In October, Pflugerville City Council approved three PCDC contracts for businesses at 130 Commerce Center and elsewhere.
On Oct. 13 the council approved a PCDC deal with California-based plastics company Medway Plastics Corp., which promised to bring 100 new jobs to Pflugerville. Medway is slated to open a manufacturing and research facility off Royston Lane. On the same night, the council approved a settlement that will allow firearms company TrackingPoint to remain a tenant at 130 Commerce Center and repay debt the company incurred when it failed to meet its PCDC performance agreement requirements.
On Oct. 27, City Council approved a PCDC deal with industrial 3-D printing company EOS of North America, which is expected to relocate its headquarters to Pflugerville in December and create 74 jobs during the next three years, Madison said.
Madison said there are more than 50 acres at 130 Commerce Center yet to be developed, and that there is still room to grow in the existing business park, known as Phase 1. In October, the 75-acre tract of land next to Phase 1 was rezoned from agricultural to urban center use, indicating it is ready to be developed. Although the PCDC does not presently own this land, it is identified as Phase 2 on PCDC documents.
Madison said Pflugerville’s rapid growth and the influx of new development projects places additional emphasis on the necessity of budgeting wisely.
“We’re not a small corporation anymore,” Madison said. “We have to begin to think more comprehensively in how our funds are being managed. The larger the city becomes, the larger the projects will become, and we want to be prepared for that.”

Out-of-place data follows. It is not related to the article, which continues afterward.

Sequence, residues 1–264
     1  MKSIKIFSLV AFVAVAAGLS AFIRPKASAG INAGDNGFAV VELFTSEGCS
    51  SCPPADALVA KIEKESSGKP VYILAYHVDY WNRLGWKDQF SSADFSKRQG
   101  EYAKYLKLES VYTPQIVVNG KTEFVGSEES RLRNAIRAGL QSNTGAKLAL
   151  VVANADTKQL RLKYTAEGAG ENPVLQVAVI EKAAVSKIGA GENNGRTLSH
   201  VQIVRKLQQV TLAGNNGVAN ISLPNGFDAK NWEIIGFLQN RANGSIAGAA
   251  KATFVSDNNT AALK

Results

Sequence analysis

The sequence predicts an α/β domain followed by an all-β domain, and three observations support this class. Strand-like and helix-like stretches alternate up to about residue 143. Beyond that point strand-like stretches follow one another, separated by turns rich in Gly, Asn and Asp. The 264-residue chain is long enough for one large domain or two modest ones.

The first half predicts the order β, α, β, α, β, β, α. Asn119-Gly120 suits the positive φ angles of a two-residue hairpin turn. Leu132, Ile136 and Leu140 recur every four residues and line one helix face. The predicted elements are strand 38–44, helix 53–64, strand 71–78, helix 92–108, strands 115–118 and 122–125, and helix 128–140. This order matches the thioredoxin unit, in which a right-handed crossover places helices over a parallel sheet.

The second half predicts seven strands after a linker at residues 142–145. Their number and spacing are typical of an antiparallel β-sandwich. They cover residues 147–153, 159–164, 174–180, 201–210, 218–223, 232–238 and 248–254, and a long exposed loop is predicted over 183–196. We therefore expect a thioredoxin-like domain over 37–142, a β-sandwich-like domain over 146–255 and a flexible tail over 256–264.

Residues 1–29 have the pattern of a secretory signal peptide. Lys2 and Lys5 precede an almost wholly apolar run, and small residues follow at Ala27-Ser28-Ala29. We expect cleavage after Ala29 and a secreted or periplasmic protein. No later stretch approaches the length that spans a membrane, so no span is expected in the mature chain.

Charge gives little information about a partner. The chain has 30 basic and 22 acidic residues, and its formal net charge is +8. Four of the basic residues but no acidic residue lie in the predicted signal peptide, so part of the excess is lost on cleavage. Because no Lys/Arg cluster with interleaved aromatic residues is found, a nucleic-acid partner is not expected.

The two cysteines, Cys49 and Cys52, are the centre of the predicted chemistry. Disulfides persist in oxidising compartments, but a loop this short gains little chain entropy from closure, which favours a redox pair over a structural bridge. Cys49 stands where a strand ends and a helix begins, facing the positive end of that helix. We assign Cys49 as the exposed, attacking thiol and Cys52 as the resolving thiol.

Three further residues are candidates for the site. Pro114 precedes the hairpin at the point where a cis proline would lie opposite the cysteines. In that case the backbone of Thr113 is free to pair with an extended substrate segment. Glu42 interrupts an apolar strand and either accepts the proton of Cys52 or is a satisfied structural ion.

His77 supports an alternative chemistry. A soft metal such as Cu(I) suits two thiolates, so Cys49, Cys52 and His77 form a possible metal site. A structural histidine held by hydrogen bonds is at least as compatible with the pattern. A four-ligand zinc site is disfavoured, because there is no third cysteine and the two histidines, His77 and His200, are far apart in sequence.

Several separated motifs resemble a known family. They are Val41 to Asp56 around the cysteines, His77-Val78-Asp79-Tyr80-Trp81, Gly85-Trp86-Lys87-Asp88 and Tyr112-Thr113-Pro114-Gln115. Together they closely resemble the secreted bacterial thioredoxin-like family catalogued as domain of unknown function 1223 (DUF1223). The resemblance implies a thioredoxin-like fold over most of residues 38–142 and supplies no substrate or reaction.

Hawaiian Falls defaults on payment
The Pflugerville Community Development Corp. confirmed Nov. 11 that Source Capital LLC and Horizon Family Holdings—the owners and operators of Hawaiian Falls Water and Adventure Parks—defaulted on the October payment for Hawaiian Falls Pflugerville and requested a deferment through the end of the year.
The PCDC backs the $25 million loan for the water park project, which is repaid through monthly lease installments of $132,026 by Hawaiian Falls’ parent companies.
At a Nov. 12 meeting the PCDC board agreed to accommodate the Hawaiian Falls parent companies on their lease deferment request.
“I am recommending we instruct staff to work with [Hawaiian Falls] toward a resolution while we proceed with all contractually agreed-upon provisions,” PCDC board President Doug Weiss said. “I do expect we get that cured by the end of the year.”
Hawaiian Falls opened in 2014 after PCDC incentivized the development by providing financing. In December 2014 the water park laid off 12 employees after a slow winter season, a spokesperson at the time said, and in May, Source Capital LLC announced the acquisition of Horizon Family Holdings, stating the move would help the water parks expand and grow. After the acquisition, the Hawaiian Falls lease payment schedule changed from annual payments to monthly payments, PCDC interim Executive Director Amy Madison said.
Pflugerville City Manager Brandon Wade said Hawaiian Falls’ lease payment lapses do not affect city finances because payments on the PCDC’s $25 million loan for the water park are taken directly from PCDC’s share of sales tax revenue.
When the Hawaiian Falls project was first discussed, city staff and officials realized there could be some challenges during the first years of operation because of the seasonal nature of the park, Wade said.
“Hawaiian Falls so far has put smiles on a few hundred thousand people’s faces,” Wade said. “It brings people to Pflugerville who otherwise wouldn’t come to Pflugerville. I think it has a very bright future ahead of it, and the city plans to work with Hawaiian Falls to make certain that bright future is there.”